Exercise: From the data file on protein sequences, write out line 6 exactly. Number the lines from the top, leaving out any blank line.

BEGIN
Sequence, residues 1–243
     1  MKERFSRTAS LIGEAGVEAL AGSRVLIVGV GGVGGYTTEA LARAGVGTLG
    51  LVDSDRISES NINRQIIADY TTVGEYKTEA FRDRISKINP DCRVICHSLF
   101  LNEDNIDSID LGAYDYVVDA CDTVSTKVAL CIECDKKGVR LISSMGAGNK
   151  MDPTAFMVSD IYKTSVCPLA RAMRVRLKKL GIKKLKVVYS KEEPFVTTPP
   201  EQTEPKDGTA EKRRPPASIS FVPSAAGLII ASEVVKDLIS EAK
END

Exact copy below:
   201  EQTEPKDGTA EKRRPPASIS FVPSAAGLII ASEVVKDLIS EAK